CommonLit Elementary Classrooms Secondary Classrooms 8 Poetry Lessons to Help Your Students Become Well Versed in Verse

This April, celebrate all forms of poetry in your classroom with curated lessons for grades 3-12.

Poetry comes in many shapes and sizes. From Shakespearean sonnets to free verse works by modern poet laureates, students will be engaged in these 8 poetry lessons celebrating different poetic forms.

Dimples” by Chrystal D. Giles (3rd Grade)

An acrostic poem uses letters to spell out a message when read vertically. In this poem, contemporary poet Chrystal D. Giles writes about their dimples and the joyful feelings they reveal.

Acrostic poems are a great entry point for a unit on poetry, especially with elementary students. Read “Dimples” with your students to give them an example of acrostic poetry. Then, ask students to write their own acrostic poem about something they love about themselves.

Screenshot of the poem "Dimples" on CommonLit

Diary of a Sweatshirt: The Best Day Ever” by Diana Murray (4th Grade)

A mask poem is a style of poetry that uses the first person but is written from the perspective of someone other than the author. In this poem, the speaker is a sweatshirt who describes having a great day playing outside.

In this poetry lesson for elementary students spark a discussion about the speaker of the poem. Ask students Discussion Question 1: “Throughout the poem, the speaker gives the reader clues about their identity. Think about what makes you special. What do you do or say to let others learn more about who you are?”

On Turning Ten” by Billy Collins (6th Grade)

Free verse is a style of poetry written without a distinct rhyme scheme, syllable count, or structure. Our library includes 55 free verse poems. The selection demonstrates to students the wide range of poetry! Billy Collins, former Poet Laureate of the United States, wrote this poem about the nostalgia a child faces as they venture into adulthood.

Pair this poem with the video “On Turning Ten” from the Related Media Tab. The video pairs the audio of the poem with a soundtrack and imagery. Ask students how the images used in the clip support the poem's themes. Does the music create a mood that lends itself to the theme of the poem? Can the delivery of a poem change the meaning?

Technology Haiku” by John P. Curtain (6th Grade)

A haiku is a highly structured poem that consists of verses with three lines; the first line has five syllables, the second line has seven syllables, and the last has five syllables. In “Technology Haiku,” Curtain ponders the power of technology and the human urge to create.

After reading, ask students Assessment Question 5: “How does the haiku structure contribute to the poem’s meaning?” Allow this question to prompt a conversation about poetic structure and why an author might choose one form over another.

Screenshot of the poem "Technology Haiku" on CommonLit

Sonnet 18” by William Shakespeare (10th Grade)

A sonnet is a poem that typically consists of 14 lines with a distinct rhyme scheme and syllable count. There are nine sonnets on the CommonLit library. In “Sonnet 18,” the speaker compares his lover to the beauty of the natural world.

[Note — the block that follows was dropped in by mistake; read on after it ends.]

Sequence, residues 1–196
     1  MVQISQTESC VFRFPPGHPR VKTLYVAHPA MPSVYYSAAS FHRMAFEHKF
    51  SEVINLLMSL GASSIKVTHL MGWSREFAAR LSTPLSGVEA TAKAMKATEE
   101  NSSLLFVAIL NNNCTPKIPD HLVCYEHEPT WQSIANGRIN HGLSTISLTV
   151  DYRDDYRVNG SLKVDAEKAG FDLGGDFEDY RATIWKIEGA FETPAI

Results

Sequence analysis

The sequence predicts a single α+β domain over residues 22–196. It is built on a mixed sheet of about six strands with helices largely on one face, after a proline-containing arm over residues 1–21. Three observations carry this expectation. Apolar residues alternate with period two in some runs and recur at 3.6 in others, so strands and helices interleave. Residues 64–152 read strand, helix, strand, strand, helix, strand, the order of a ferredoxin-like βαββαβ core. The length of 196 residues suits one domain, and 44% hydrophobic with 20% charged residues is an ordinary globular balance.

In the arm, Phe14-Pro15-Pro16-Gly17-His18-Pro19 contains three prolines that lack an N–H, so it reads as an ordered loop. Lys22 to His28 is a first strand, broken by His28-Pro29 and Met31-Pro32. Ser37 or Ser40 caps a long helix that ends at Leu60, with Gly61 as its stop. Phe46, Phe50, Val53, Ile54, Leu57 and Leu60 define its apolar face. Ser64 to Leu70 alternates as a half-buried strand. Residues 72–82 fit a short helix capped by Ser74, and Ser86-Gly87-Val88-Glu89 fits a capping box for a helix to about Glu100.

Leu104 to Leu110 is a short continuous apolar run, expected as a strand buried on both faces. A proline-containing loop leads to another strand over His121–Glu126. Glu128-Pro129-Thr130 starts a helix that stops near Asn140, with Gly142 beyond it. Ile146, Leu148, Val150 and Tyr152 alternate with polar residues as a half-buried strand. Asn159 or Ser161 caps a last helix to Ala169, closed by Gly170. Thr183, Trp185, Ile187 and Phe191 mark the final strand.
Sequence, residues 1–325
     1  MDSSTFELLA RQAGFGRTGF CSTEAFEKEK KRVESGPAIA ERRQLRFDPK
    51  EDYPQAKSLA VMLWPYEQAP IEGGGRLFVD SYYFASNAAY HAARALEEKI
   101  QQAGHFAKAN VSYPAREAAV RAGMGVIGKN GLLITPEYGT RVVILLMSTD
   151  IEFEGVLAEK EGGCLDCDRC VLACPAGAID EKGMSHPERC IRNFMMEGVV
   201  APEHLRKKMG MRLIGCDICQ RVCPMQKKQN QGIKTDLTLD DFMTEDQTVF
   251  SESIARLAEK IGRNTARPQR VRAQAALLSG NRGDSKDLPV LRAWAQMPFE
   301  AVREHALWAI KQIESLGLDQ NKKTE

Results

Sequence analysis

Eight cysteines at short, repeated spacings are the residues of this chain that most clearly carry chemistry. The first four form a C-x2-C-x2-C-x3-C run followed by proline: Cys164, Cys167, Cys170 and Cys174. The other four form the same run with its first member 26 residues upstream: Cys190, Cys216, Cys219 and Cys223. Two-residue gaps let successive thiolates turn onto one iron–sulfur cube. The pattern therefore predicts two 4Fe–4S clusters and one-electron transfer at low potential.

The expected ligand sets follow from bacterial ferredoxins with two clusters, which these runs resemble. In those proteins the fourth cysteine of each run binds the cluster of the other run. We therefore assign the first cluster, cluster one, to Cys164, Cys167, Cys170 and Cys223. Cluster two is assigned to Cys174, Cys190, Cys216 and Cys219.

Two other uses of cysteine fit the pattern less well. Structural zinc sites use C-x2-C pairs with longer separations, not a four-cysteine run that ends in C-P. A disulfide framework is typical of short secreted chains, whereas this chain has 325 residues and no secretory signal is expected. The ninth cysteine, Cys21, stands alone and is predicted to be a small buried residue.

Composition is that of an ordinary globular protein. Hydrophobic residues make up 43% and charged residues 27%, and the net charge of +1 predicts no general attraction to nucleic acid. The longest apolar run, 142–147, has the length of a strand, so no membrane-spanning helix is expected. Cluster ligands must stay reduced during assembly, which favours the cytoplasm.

Use this poem to prompt a class discussion on the lasting effects of poetry. This poem was written over 500 years ago, why are people still reading it today? Are the themes Shakespeare is writing about still relevant?

To An Athlete Dying Young” by A. E. Housman (10th Grade)

An elegy is a poem written to honor the dead or something from the past. Our library is home to  three elegy poems, including “To An Athlete Dying Young” which is written about the author's friend who passed away.

This poem can be used as the foundation for a lesson about figurative language and rhyme scheme in poetry and how these tools can connote tone. Ask students to use the annotation tool to highlight where figurative language is used to demonstrate the author's feelings. Then, have  students use their annotations to  answer Assessment Question 5: "Which of the following statements best summarizes what the rhyme scheme contributes to the tone of the poem?"

To Be Or Not To Be” by William Shakespeare (11th Grade)

Hamlet’s famous dilemma is an example of a soliloquy, a poem in which the speaker narrates their thoughts out loud. In this speech, Hamlet feels utterly alone and questions whether life is worthwhile.

Compare this soliloquy to another soliloquy Hamlet gives earlier in the play, entitled “Frailty, Thy Name is Woman”. Ask students to analyze Hamlet’s perspective in both excerpts. How does each text develop Hamlet’s perspective and help students better understand his character? Does his tone change between the two excerpts?

Ode on a Distant Prospect of Eton College” by Thomas Gray (12th Grade)

An ode is a poem or song that pays homage to a certain person or thing. Odes are distinctly structured and can be sung as well as read. Our library includes three odes to explore with students. This poem was written to pay tribute to the author's time at Eton College, back when he was young and carefree.

Show students  Lauren Carstensen’s TED Talk, “Older people are happier,” from the Related Media Tab. This short video argues that as people get older, they become happier and have a more positive outlook on the world. Ask students to compare the messages of the two pieces. Have students use evidence to explain why they agree with Gray or Carstensen.

Next Steps

Looking for more examples of the many styles of poetry? The CommonLit library has hundreds of poems. Here are some examples of epics, narratives, mirrors, chants, and epistles!

Want to learn more about utilizing CommonLit’s free digital literacy program in your classroom? Join one of our upcoming webinars!